And what unmet workforce needs would a large arts education institution meet? Finding regular work in the arts is tough. There are already two multi-arts academies in Australia–the VCA in Melbourne and WAAPA in Perth–and employment prospects for their graduates are always fragile. When I was Dean of the VCA, we had some hugely successful graduates, but also those who ended up selling real estate or driving taxis instead of in artistic careers. Adding an institution to Adelaide that would pour out unemployable graduates is about the last thing the State needs at the moment.

The truth is, what is really needed next in arts education from our existing SA universities and colleges is not an art schools merger, but innovation. We need to start producing young artists who can creatively combine their artistic talent with technological skill and entrepreneurial instincts to survive in the digitally-disrupted world which is ahead for them. We need sound artists who can market their music online, graphic artists who can master the new commercial realities in a digital world, performing ensembles which can create their own virtual venues where their audience is now to be found and grown.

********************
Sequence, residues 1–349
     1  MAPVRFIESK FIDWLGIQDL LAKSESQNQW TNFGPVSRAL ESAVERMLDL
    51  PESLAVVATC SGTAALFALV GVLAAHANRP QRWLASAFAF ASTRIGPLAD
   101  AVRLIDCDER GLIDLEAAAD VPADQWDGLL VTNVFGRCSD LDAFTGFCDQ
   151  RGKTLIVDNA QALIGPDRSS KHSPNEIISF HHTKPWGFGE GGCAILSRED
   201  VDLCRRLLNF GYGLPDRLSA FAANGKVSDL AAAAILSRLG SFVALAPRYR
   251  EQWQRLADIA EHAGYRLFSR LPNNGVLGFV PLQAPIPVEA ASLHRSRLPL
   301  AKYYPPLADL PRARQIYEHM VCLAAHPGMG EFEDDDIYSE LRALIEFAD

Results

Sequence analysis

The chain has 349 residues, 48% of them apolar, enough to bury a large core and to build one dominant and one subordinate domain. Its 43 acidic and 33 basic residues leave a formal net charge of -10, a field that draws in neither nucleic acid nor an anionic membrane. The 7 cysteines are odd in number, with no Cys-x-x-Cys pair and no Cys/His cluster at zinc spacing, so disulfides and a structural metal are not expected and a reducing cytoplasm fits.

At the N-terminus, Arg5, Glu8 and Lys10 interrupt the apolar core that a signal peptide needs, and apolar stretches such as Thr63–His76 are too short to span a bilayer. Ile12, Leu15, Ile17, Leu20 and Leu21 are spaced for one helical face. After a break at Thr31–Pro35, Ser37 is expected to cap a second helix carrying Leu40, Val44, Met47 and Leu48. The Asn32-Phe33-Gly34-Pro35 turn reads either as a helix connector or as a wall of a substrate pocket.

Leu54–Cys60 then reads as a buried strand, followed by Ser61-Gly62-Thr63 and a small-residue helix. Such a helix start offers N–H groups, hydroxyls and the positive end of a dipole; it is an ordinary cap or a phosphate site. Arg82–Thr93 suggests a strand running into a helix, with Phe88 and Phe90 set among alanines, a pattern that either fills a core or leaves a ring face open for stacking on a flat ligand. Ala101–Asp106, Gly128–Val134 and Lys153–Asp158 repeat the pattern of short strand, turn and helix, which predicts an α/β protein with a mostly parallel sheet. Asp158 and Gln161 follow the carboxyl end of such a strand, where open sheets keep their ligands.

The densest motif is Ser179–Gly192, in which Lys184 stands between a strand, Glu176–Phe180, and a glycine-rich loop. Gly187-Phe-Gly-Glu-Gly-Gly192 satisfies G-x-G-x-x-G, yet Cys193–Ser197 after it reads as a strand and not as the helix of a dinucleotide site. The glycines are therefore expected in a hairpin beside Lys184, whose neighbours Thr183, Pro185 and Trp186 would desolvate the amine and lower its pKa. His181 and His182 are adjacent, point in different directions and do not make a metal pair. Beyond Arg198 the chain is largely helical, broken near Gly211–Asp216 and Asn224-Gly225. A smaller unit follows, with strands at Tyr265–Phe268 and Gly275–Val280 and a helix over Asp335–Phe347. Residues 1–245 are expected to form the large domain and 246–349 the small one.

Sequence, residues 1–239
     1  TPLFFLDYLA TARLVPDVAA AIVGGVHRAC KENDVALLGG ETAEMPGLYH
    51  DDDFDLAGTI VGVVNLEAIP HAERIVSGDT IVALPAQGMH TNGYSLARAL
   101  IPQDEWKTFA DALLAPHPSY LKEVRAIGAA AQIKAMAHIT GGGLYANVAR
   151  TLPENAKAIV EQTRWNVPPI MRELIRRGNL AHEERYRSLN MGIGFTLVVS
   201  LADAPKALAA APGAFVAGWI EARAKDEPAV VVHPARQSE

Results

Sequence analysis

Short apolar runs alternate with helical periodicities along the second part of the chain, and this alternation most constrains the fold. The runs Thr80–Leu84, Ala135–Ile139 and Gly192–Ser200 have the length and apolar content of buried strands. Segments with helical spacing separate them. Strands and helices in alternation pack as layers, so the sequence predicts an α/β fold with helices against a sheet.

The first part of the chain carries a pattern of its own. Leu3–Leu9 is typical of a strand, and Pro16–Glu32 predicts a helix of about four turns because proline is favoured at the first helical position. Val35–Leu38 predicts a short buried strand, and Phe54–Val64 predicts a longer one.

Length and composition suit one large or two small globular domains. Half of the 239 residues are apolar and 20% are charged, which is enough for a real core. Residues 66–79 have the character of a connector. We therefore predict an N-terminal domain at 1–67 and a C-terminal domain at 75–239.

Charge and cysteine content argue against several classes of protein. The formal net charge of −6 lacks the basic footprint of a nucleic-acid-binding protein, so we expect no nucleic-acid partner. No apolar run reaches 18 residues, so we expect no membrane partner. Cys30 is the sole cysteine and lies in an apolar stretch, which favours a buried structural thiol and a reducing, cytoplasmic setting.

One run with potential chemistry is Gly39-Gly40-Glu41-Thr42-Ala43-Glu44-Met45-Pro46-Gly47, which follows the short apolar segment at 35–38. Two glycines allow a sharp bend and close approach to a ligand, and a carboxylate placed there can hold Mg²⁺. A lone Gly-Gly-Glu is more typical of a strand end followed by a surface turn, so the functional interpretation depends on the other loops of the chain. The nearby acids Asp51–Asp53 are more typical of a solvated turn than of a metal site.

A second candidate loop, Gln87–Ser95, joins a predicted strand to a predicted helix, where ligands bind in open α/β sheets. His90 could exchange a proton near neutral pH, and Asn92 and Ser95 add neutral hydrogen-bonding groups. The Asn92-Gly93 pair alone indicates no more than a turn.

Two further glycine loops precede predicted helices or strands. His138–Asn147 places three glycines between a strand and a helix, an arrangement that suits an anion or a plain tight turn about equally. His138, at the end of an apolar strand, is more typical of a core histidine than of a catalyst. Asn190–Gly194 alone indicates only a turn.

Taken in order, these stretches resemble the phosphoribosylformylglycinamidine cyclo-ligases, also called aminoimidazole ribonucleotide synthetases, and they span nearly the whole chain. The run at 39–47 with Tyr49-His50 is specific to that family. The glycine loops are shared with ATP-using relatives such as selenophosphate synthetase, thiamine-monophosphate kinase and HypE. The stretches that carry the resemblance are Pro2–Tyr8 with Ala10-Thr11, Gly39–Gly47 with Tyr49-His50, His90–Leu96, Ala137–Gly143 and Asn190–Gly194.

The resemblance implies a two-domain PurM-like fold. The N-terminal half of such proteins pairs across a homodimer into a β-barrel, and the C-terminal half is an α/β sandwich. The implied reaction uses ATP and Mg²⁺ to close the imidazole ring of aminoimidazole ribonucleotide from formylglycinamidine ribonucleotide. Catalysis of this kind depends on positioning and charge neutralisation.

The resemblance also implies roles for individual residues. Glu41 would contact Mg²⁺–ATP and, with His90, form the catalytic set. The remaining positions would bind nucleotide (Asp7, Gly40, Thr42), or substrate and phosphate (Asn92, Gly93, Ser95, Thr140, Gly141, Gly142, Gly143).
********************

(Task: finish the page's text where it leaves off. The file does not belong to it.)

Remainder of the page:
We need educators in individual art forms to interface with their university’s non-arts fields, to create utterly new art that will find new audiences and international attention. The imaginative way young musicians are combining music with media and technology in the new Sia Furler Institute for Contemporary Music and Media at the University of Adelaide is an example of where we need to go next. These young artists are finding ways to combine music, film, new media, and sound engineering to create artistic outcomes at the cutting edge. They will find their audiences.

Arts graduates from innovative programs like this are no different from the founders of commercial startups–innovators who need an angel investor ready to help them scale up, promote their work to new audiences and export their creations to the world. It is investing in the promotion and export of the work of young arts innovators where our government needs to put its arts dollar, not in funding another educational institution.

After all, Adelaide is already the national leader in arts festivals–fabulous creative events that each year showcase to the nation fresh arts innovation from around the world. Would our festival directors fill their programs with the students of a local multi-arts academy? I doubt it. They will continue to seek front-rank originality and imagination, wherever they can find it. If more of it can be sourced from savvy, cross-disciplinary creative artists grown here, our arts educators will have succeeded.

Published April 28, 2016 on AdelaideNow.